JABbering Stooge

Tuesday, November 29, 2005

Another day, another editorial

I managed to get one more editorial published before the end of the semester. My last one should've been published, but the opinions editor for the paper I write for came up with this new rule that bloggers can't post anything they want submitted for publication to their blogs until after publication. Personally, I think it's a BS rule, but I don't make editorial decisions, and I have taken more than enough space even mentioning the subject. So without further ado, here is my editorial in its origninal glory (the hacked-to-pieces version is available here - entitled, appropriately enough, "'Tis the season to vilify"):

The War on Non-Christians heats up

At this supposedly festive time of year, there are some people for whom the holiday’s thematic message of “peace on Earth, goodwill towards men” falls on deaf ears. Motivated by a desire to turn the United States into the Christian version of Iran, these religious fascists would like nothing more than to replace the good message of the (highly commercialized) season with their own vitriolic message of “hate anyone who isn’t a conservative Christian.”

Last January, I predicted that with George W. Bush’s re-election as president, the atmosphere would get increasingly noxious for those who aren’t Mullah Jerry Falwell’s ardent followers. For my efforts, I received a bilious RNC talking points-laden hate mail in the following issue of the University Star. From there, the rhetoric ratcheted up over Terri Schiavo, with former House Majority Leader Tom DeLay issuing threats to the judges involved. At a gathering of conservative minds called “Remedies to Judicial Tyranny,” Edwin Vieira approvingly noted Stalin’s solution to problematic judges (“Death solves all problems: no man, no problem”) even as he railed against Justice Anthony M. Kennedy for “[upholding] Marxist, Leninist, satanic principles drawn from foreign law.” A liberal church in Pasadena, California has had its tax-exempt status threatened for a sermon criticizing the war in Iraq, even as conservative churches engaging in political advocacy from the pulpit skated by IRS scrutiny.

Which brings us to the coming Christmas season. The Alliance Defense Fund has mobilized its 800 plus lawyers in a bid to challenge the absence of nativity scenes from even one square inch of American soil. Fox “News” commentator John Gibson has devoted a whole book-length screed to the idea that somehow, Christmas is under siege by evil spawn-of-Satan liberals. Additionally, the Liberty Council, apparently at the behest of Jerry Falwell, has begun a “Friend or Foe Christmas Campaign,” complete with pulpit advocacy plans that I’m sure will once again evade IRS scrutiny, to be enhanced by the actions of the Christian Educators Association International’s 8,000 public school teachers.

I would like to take this opportunity to remind these modern Pharisees posing as Christians that “Christmas,” as it is practiced in the United States, has not been exclusively Christian for a very long time. Retail and department stores have taken advantage of the huge profit potential in all the jostling and shouting to buy presents for loved ones and using it to push crass consumerism on John Q. Public. Just look at how Christmas-themed ads have been starting earlier and earlier as the years go by – this year they seemed to start even before Halloween. This operation is so slick that they’ve even got buzzwords to denote the rush of brick-and-mortar shopping the day after Thanksgiving (“Black Friday”) and online shopping the following Monday (“Cyber Monday”). The concept has even been immortalized in a song by Australian artist Eric Bogle called “Santa Bloody Claus.”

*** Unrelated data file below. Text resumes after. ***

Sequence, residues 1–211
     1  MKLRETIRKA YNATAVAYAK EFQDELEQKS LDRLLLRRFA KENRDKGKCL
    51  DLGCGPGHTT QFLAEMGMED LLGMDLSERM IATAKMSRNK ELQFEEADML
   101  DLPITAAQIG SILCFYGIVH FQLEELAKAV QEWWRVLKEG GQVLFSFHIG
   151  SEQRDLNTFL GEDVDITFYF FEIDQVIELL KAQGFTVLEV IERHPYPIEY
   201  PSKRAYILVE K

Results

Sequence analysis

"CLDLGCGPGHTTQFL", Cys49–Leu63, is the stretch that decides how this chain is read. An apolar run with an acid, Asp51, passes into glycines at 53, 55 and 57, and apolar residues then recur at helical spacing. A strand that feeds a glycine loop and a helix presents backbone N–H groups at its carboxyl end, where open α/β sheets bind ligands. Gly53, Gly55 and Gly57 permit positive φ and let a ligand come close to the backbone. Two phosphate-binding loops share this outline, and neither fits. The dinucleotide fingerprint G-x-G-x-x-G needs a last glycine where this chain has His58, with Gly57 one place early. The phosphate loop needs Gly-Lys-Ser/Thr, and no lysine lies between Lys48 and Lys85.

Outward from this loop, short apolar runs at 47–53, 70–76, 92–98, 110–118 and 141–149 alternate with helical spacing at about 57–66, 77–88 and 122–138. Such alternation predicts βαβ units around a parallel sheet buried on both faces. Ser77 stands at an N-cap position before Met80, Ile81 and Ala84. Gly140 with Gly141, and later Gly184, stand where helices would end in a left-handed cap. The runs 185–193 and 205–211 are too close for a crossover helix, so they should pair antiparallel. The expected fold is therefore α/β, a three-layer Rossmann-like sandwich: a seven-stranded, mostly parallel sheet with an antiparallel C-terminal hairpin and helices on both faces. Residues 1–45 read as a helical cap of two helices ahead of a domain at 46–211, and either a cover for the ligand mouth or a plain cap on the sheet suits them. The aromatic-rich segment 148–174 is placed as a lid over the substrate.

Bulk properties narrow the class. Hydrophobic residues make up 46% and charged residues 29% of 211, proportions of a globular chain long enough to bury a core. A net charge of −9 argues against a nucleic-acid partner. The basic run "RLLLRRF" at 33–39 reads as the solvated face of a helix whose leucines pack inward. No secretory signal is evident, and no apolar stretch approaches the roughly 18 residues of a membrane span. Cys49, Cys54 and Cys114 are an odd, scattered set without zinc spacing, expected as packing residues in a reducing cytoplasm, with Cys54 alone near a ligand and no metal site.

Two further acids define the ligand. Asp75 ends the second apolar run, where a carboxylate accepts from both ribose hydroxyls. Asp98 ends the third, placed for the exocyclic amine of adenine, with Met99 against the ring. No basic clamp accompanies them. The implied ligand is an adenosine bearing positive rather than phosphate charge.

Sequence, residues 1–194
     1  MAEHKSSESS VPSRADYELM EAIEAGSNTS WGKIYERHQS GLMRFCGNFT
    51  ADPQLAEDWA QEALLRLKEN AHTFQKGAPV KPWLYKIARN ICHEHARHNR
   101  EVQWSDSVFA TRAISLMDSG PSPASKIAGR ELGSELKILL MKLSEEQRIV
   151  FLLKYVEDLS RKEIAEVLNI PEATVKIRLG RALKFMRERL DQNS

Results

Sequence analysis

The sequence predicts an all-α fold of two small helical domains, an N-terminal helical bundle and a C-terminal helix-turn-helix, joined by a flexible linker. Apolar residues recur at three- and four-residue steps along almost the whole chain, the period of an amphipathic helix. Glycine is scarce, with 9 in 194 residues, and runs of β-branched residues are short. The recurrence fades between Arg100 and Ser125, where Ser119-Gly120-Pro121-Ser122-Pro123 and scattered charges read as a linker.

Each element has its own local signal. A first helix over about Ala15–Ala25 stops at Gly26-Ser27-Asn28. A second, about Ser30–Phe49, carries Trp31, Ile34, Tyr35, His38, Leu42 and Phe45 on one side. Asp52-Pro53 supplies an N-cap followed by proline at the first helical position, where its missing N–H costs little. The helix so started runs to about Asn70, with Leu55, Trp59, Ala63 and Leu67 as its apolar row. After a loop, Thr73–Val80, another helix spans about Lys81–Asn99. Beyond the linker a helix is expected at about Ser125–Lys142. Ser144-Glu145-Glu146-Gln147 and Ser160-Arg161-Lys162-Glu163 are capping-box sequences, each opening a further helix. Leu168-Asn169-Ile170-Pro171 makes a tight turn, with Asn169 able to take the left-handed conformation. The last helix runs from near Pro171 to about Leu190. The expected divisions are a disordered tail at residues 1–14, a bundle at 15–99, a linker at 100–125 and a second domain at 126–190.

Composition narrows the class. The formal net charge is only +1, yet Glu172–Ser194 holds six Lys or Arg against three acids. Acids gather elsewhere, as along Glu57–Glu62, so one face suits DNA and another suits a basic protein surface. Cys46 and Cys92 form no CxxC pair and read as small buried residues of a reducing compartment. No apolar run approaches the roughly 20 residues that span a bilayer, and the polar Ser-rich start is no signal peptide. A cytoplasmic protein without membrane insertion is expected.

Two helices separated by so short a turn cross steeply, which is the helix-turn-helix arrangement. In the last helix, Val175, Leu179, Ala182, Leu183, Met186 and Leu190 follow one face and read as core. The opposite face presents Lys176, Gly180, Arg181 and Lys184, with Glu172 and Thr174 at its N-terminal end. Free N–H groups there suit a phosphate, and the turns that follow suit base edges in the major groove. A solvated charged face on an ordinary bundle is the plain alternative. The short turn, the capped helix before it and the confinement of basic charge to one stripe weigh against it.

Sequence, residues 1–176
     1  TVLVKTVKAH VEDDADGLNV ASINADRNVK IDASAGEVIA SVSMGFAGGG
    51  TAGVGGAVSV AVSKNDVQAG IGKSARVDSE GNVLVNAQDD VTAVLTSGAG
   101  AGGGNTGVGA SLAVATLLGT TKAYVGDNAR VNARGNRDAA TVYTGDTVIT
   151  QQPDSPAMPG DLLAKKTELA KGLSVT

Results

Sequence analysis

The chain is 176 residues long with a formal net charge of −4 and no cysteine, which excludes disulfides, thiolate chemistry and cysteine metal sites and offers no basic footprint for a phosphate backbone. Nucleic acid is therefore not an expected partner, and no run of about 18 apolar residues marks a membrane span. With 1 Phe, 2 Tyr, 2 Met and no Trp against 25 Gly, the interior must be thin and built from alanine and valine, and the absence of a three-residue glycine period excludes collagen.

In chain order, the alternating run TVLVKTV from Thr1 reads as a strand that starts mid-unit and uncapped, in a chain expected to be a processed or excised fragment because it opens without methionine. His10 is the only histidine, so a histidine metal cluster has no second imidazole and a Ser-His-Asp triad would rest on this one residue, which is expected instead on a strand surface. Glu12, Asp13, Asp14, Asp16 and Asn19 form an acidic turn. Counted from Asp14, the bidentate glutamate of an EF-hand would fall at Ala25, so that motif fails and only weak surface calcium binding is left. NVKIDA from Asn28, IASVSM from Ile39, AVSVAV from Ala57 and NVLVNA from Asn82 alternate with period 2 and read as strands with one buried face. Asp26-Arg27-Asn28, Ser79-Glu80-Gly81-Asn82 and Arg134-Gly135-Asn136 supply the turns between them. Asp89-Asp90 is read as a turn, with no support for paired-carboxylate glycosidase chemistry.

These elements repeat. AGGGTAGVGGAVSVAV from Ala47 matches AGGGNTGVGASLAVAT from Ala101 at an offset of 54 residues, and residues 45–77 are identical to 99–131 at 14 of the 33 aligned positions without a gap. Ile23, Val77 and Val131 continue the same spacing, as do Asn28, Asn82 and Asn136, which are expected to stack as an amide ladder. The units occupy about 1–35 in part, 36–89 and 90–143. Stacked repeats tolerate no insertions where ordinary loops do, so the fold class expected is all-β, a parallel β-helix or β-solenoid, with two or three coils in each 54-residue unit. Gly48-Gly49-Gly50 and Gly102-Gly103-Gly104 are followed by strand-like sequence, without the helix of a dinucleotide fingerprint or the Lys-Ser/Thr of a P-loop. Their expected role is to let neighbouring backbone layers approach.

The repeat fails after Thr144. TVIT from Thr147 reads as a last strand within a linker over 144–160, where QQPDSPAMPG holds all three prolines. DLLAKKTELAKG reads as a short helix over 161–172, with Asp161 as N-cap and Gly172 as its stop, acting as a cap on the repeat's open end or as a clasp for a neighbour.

But even if there weren’t that aspect to it, there are bigger Constitutional issues at work here. The First Amendment protects against the establishment of a state-sanctioned religion that all must submit to – if pagans or Muslims somehow managed to pass a constitutional amendment making their religion the official state religion, you could imagine the howls of protests from the religious right, yet somehow when it’s the conservative interpretation of Christianity being proposed as the state religion they are strangely silent. It also protects freedom of practice of one’s religion – which is why churches can get away with hiring practices that would be unacceptable if used by private enterprise.

And speaking of pagans and Muslims, when we as Americans began accepting immigrants from non-Christian parts of the world, the First Amendment’s protections became even more important. For as James Madison put it, “The purpose of separation of church and state is to keep forever from these shores the ceaseless strife that has soaked the soil of Europe in blood for centuries.” The Founding Fathers even recognized the value of a diversity of religion. Thomas Jefferson noted that “If we did a good act merely from the love of God and a belief that it is pleasing to Him, whence arises the morality of the Atheist? It is idle to say, as some do, that no such being exists...Their virtue, then, must have had some other foundation than the love of God.”

Jefferson also took pains to point out that “The legitimate powers of government extend to such acts only as are injurious to others. But it does me no injury for my neighbor to say there are twenty gods, or no God. It neither picks my pocket nor breaks my leg.” In other words, it does me no harm merely for someone else to be a Buddhist, Muslim, Jew, Hindu or Atheist. But to the religious right, merely the idea that there are other religions is offensive, and must be snuffed out by judicial or legislative fiat. And that, ladies and gentlemen of the jury, is the most injurious notion of all.

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